Middle Tertiary formations found on Santa Rosa and Santa Cruz include the Vaqueros Formation, while those two islands plus San Miguel have exposures of the Rincon Formation, and Monterey Formation. Santa Rosa and San Miguel have exposures of the basaltic and dacitic San Miguel Volcanics, which include pillow structures, while the San Onofre Breccia is found on Santa Rosa, Santa Cruz, and Anacapa. Santa Rosa Island Volcanics consist mainly of basaltic breccia, which erupted about 19 Ma. San Miguel Volcanics consist of basalt and andesite flows, which erupted between 17-18 Ma. Santa Cruz Island (SCI) Volcanics on the north side of the island consist of andesitic flows and volcaniclastics, overlying the San Onofre Breccia, and dated at about 16 Ma. The eruptive center is east of Devils Peak, and juxtaposed against the west-northwest trending strike-slip Santa Cruz Island Fault to the south. These 2400 m of SCI Volcanics have been further subdivide into four members, consisting of the lowermost Griffith Canyon, followed by Stanton Ranch, Devil's Peak, and Prisoner's Harbor, the uppermost. The Griffith Canyon Member consists of basaltic and andesitic epiclastic volcanic breccias. The Stanton Ranch Member consists of andesitic flows, flow breccias, and tuff breccias. The Devil's Peak Member consists of scoriaceous andesitic and dacitic flows. The Prisoner's Harbor Member consists of andesitic and dacitic transitional to rhyolitic flows, flow breccias, and tuffaceous volcaniclastic beds. Middle Miocene Conejo Volcanics correlate with the bulk of Anacapa's lava flows, volcanic and volcaniclastic breccias, which consist of vesicular and porphyritic andesite erupting about 16 Ma. About 1700 m are exposed, with two strata of San Onofre Breccia interbedded at the base. Cores taken from the east end of the island are andesitic in composition. Santa Barbara Island consists of basalt-basaltic andesite and andesite volcanic flows, which erupted 15-17 Ma. [11] :17,48–55,68–69,80–83,91,121–122 [20] [21] [22] [23] [24]

During the Late Pleistocene, all of the islands were much closer to the mainland due to lower sea levels, and between 11,000 and 20,000 years BP, the islands remained connected to each other as Santa Rosae. The Pleistocene mammoths swam to Santa Rosae. However, the pygmy mammoth underwent dwarfing as the Channel Islands became isolated. Another species which became extinct was the "giant" mouse. Mammoth remains include those of Mammuthus columbi , while the remains of Mammuthus exilis have been found on San Miguel, Santa Rosa, and Santa Cruz, ranging in age from 12,840 to >47,000 YBP. The 1994 Mammuthus exilis discovery on Santa Rosa near Carrington Point, was the first example of an in situ , almost complete, articulated skeleton. [10] :319,320,323 [11] :2,83, [25]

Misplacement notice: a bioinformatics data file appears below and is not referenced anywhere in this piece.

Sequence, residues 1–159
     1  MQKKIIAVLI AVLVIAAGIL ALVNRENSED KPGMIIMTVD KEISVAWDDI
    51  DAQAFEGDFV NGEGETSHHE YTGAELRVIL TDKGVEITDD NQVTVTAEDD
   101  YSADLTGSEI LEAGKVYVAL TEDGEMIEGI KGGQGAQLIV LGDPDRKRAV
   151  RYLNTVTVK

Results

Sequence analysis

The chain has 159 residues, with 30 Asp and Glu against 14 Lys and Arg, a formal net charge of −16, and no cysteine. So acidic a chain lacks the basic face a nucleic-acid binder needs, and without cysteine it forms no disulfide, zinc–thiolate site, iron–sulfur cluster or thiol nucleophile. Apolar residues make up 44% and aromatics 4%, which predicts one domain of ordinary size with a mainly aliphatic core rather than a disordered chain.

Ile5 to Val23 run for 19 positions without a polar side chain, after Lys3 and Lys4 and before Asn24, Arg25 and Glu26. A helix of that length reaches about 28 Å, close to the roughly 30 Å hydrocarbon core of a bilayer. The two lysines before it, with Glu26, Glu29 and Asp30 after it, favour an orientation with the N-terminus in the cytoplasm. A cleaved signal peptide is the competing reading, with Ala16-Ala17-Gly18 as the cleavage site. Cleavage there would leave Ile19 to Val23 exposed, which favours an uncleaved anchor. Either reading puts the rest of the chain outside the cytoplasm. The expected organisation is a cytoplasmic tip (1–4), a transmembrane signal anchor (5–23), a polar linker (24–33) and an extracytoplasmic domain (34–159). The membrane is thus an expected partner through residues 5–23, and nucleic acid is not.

Other geologic features of note on the islands include beachrock, eolianite, and caliche pseudomorphs. [11] :84,105–108

Flora and fauna

Dolphins by Anacapa Island.

More than 2,000 species of plants and animals can be found within the park. [26] However, only three land mammals are native to the islands, one of which is the deer mouse (Peromyscus maniculatus) which is known to carry the sin nombre hantavirus. The spotted skunk and Channel Islands fox also are native, with the fox endemic to the islands. The island fence lizard [27] is also endemic to the Channel Islands. [28] Other animals in the park include island scrub jay, harbor seal, California sea lion, island fox, spotted skunk, island night lizard, barn owl, American kestrel, horned lark and meadowlark and California brown pelican. One hundred and forty-five of these species are unique to the islands and found nowhere else in the world. Marine life ranges from microscopic plankton to the endangered blue whale, the largest animal on earth. Archeological and cultural resources span a period of more than 10,000 years.

Headquarters and mainland visitor center

The visitor center is located in the Ventura Harbor. The visitor center contains several exhibits that provide information regarding all five islands, native vegetation, marine life and cultural history. Also, visitors can enjoy a short film, free of charge, that provides an overview of all five islands. The visitor center is open every day, except Thanksgiving and Christmas, from 8:30AM–5:00PM. [29] The average annual visitation to the mainland visitor center was around 311,000 in the period from 2009 to 2018, with 366,250 visiting in 2018. [4]

Recreation

Channel Islands National Park recreational activities include backpacking, camping, day hiking, scuba diving, and spearfishing. Channel Islands National Park is renowned for its large number of complex, beautiful sea caves. Kayaking through the sea caves is popular.